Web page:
4. Give them according to their works. Having thus requested God to have a regard to his innocence, the Psalmist thunders forth a curse against his enemies. And the accumulation of words shows that he had groaned long and grievously under the burden before he broke forth to desire such vengeance. He intimates that the wicked of whom he speaks had transgressed not once, nor for a short time, nor in one way, but that they had proceeded so far in their constant evil doings, that their audacity was no longer to be endured. We know how troublesome and grievous a temptation it is to see the ungodly proceeding without measure or end, as if God connived at their wickedness. David, therefore, wearied as it were with continual forbearing, and fainting under the burden, implores God, at length, to restrain the wantonness of his enemies, who of late ceased not to heap wickedness upon wickedness. Thus we perceive that there is nothing superfluous in this verse, when to works he adds the wickedness of their doings, and the work of their hands, and thrice petitions that they may receive the reward which they have deserved. Add to this, that he at the same time bears testimony to his own faith, to which boasting hypocrites often compel the children of God, while by their deceit and cavils, they impose upon the judgments of the world. We see how men who are distinguished for wickedness, not content with impunity themselves, cannot abstain from oppressing the innocent by false accusations, just as the wolf, desirous of making a prey3 of the lambs, according to the common proverb, accused them of troubling the water. David is therefore compelled by this exigency to call upon God for protection. Here again occurs the difficult question about praying for vengeance, which, however, I shall despatch in few words, as I have discussed it elsewhere. In the first place, then, it is unquestionable, that if the flesh move us to seek revenge, the desire is wicked in the Sight of God. He not only forbids us to imprecate evil upon our enemies in revenge for private injuries, but it cannot be otherwise than that all those desires which spring from hatred must be disordered. David's example, therefore, must not be alleged by those who are driven by their own intemperate passion to seek vengeance. The holy prophet is not inflamed here by his own private sorrow to devote his enemies to destruction; but laying aside the desire of the flesh, he gives judgment concerning the matter itself. Before a man can, therefore, denounce vengeance against the wicked, he must first shake himself free from all improper feelings in his own mind. In the second place, prudence must be exercised, that the heinousness of the evils which offend us drive us not to intemperate zeal, which happened even to Christ's disciples, when they desired that fire might be brought from heaven to consume those who refused to entertain their Master, (Luke 9:54.) They pretended, it is true, to act according to the example of Elias; but Christ severely rebuked them, and told them that they knew not by what spirit they were actuated. In particular, we must observe this general rule, that we cordially desire and labor for the welfare of the whole human race. Thus it will come to pass, that we shall not only give way to the exercise of God's mercy, but shall also wish the conversion of those who seem obstinately to rush upon their own destruction. In short, David, being free from every evil passion, and likewise endued with the spirit of discretion and judgment, pleads here not so much his own cause as the cause of God. And by this prayer, he farther reminds both himself and the faithful, that although the wicked may give themselves loose reins in the commission of every species of vice with impunity for a time, they must at length stand before the judgment-seat of God.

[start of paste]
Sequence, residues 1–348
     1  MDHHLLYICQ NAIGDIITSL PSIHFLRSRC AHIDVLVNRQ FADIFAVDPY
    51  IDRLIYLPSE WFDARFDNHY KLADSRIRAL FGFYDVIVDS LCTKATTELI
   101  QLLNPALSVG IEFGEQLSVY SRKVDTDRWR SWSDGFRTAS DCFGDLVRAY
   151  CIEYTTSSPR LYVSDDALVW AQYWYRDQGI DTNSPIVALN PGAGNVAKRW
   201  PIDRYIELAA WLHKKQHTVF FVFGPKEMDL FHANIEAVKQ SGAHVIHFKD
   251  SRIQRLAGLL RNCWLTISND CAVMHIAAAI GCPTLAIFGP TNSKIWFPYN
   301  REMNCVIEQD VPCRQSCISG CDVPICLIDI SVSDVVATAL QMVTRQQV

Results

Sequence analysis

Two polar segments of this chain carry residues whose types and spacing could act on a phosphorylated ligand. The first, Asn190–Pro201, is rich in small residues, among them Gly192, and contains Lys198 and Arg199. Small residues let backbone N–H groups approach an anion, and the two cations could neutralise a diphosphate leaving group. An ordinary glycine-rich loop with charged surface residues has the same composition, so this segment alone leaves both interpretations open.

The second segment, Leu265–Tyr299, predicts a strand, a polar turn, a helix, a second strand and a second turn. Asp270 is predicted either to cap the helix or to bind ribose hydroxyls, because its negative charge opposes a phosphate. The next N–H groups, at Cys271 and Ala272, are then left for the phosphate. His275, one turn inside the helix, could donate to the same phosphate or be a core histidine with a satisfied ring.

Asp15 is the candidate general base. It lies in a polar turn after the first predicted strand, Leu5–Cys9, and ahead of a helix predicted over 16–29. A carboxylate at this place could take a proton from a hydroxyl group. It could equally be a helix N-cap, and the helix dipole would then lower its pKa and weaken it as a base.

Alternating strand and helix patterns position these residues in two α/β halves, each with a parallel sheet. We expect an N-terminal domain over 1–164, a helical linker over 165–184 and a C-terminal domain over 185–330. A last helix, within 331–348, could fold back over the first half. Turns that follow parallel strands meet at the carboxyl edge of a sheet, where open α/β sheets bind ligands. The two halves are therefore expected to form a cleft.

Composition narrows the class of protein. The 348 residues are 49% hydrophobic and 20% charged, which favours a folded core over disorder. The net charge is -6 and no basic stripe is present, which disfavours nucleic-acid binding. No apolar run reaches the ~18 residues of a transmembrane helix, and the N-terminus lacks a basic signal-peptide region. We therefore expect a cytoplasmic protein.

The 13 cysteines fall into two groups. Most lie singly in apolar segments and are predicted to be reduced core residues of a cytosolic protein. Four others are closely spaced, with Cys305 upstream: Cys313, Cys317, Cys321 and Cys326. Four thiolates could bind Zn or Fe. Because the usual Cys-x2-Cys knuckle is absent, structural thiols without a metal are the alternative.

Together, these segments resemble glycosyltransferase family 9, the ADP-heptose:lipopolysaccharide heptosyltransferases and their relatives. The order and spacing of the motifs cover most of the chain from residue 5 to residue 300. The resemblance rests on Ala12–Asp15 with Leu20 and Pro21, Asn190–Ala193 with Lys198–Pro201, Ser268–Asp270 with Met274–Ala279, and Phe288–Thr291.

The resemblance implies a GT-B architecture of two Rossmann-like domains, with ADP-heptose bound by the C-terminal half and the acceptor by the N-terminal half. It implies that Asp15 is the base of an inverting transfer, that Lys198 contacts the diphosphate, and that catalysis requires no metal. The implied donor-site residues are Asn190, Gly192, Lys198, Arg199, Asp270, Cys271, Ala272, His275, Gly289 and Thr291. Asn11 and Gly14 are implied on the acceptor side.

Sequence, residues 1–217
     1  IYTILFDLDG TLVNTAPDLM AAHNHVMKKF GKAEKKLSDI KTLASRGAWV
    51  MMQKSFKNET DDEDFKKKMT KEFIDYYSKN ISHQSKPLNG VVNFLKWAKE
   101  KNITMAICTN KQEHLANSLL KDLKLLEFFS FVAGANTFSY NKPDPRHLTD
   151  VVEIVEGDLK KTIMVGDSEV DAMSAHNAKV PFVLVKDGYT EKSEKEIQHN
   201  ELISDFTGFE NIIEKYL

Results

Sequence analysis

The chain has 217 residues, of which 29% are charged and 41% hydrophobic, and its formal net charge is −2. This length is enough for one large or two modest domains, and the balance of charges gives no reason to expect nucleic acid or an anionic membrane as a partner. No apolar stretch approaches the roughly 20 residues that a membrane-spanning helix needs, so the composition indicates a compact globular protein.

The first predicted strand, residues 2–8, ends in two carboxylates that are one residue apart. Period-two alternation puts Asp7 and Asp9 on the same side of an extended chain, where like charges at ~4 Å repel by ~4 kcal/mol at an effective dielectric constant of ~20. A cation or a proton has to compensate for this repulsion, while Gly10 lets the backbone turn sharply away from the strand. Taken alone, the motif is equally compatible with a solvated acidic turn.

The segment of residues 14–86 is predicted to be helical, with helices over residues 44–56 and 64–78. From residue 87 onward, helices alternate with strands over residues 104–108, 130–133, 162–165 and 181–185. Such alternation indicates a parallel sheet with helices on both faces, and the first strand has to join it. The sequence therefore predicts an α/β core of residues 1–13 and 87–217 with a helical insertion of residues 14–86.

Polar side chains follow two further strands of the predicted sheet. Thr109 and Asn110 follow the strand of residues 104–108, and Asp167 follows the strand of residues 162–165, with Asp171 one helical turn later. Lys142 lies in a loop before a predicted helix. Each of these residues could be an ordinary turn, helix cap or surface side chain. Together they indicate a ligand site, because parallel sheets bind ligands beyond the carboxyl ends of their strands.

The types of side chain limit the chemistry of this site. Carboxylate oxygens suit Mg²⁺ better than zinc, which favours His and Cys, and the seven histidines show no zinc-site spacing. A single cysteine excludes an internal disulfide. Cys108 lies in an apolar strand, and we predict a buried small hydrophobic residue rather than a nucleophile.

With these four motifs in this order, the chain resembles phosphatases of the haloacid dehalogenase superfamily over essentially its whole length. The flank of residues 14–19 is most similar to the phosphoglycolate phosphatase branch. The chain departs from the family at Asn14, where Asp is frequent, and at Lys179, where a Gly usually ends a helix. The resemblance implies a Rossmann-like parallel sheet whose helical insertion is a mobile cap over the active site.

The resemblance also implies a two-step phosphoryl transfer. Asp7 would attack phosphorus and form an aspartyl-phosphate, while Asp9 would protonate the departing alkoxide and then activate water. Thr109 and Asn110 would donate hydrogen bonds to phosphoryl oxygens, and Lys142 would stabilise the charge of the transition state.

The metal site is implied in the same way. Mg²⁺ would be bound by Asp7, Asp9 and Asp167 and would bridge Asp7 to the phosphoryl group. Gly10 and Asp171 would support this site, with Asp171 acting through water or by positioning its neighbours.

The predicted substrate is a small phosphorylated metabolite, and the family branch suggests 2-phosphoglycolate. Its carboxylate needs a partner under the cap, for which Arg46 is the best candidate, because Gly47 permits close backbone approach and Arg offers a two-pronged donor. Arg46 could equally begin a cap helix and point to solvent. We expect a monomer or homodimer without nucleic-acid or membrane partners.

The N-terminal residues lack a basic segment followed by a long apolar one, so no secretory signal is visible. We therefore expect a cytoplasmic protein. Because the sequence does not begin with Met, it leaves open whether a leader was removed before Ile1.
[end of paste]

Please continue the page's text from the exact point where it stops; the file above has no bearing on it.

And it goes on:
5. Because they regard not the doings of Jehovah. In this verse he lays open the root of impiety, declaring that the ungodly are so bold to do mischief, because, while they are thus indulging their hatred, and perpetrating every species of wickedness, they think that they have nothing to do with God. And when conscience stings them, they soothe themselves with false hopes, and at last stubbornly harden themselves into insensibility. First, being intoxicated with prosperity, they flatter themselves that God is their friend, while he has no regard for those good men who are overwhelmed with so many afflictions; and, next, they persuade themselves that the world is governed by chance, thus blinding themselves in the midst of the clear light of day. In this manner, David's adversaries, willingly ignorant that God had appointed him to be king, emboldened themselves to persecute him. He therefore complains of their gross ignorance of this, just as Isaiah (Isaiah 5:20) brings the same complaint, in general terms, against all the ungodly of his days. This doctrine, then, has a twofold use. First, it is no small consolation to the children of God to be persuaded, while they are unrighteously vexed, that by the providence of God they are thus profitably exercised to patience; and that while the affairs of this world are all in a state of disturbance and confusion, God nevertheless sits supreme in heaven conducting and governing all things.4 In the second place, this is a very proper curb to subdue the passions of our flesh, that we may not, like the Andabates,5 contend in the dark, and with shut eyes, as if God saw not and cared not about what is done here below. Let us, therefore, learn carefully to consider that the judgments which God executes are just so many proofs of his righteousness in governing mankind, and that although all things should be huddled together in confusion, the eye of faith should be directed to heaven, to consider God's secret judgments. And as God never ceases, even in the midst of the greatest darkness, to give some tokens of his providence, it is inexcusable indolence not to attend to them. This perverseness the prophet aggravates, by repeating again, the works of God's hands. He thus intimates, that the ungodly, by recklessly pursuing their course, trample under foot whatever of God's works they may meet with to check their madness.